“We need to move our students from being Knowledgeable, that is knowing a bunch of stuff.. to knowledge-able, that is being able to find, sort, analyze... criticize and create.”
In his TedxKC talk, “From Knowledgeable to Knowledge-Able”, Cultural Anthropologist Michael Wesch discusses the importance of revamping education to meet the needs of today’s students. He elaborates on his desire to move students from asking questions like “How do I solve this math problem?” to “How do I solve the problem of current deforestation in the world?”. He uses media at the foundation of his argument, stating that media has the power, and students need to develop the critical thinking skills needed to filter, analyze, and merely THINK about what is being shown to them.
In order to do this though, teachers need to accommodate the meaning-seeker nature of students. Rather than have students seek meaning in the multiple choice test that gives them their grade, allow them to seek meaning in real world problems, and they allow them to utilize the relevant tools to accomplish it. The changing landscape of the media and technology allows students access to an abundant amount of new tools, and it changes their relationship with media. Rather than media holding all the power in a one-way conversation, students can use their new tools to respond back. This new social media also allows students to not only move beyond the classroom, but move into a global conversation. As Dr. Wesch states, this new technology makes it ridiculously easy for students to connect, organize, share, collect, and collaborate with other students on the other side of the world.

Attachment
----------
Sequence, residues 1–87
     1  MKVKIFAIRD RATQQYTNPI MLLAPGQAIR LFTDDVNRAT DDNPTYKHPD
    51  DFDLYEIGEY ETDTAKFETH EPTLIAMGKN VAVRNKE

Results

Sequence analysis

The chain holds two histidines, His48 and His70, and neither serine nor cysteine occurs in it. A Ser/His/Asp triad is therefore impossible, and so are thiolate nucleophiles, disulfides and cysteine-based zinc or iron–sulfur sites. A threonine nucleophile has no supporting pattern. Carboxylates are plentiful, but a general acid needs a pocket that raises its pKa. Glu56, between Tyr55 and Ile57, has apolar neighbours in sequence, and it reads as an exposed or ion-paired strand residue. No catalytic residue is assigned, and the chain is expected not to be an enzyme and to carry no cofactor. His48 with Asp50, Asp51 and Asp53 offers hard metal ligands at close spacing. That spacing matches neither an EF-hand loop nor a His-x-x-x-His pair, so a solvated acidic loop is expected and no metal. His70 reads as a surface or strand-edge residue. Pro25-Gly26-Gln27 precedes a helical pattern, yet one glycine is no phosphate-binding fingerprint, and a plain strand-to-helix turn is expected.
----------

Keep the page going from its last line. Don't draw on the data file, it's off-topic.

However grand it sounds, Dr. Wesch reiterates that harnessing this power, helping students become meaning-makers, and moving them from knowing a bunch of facts, to having student that are ABLE to sort, analyze, etc., takes practice. Teachers need to pose students with real world problems, allow them to collaborate using the tools technology provides us, and work with them to practice these skills. These abilities, Dr. Wesch states, are what students need, not just a multiple choice test. I can not help but agree with his entire talk - I want my students to feel like the class is purposeful. How I will go about this while still teaching them content and meeting the standards, I am not quite sure yet, but I want to try.
Wesch, M. (2010, October 12). TEDxKC-Michael Wesch-From Knowledgeable to Knowledge-Able. [Video file]. Retrieved from https://www.youtube.com/watch?v=LeaAHv4UTI8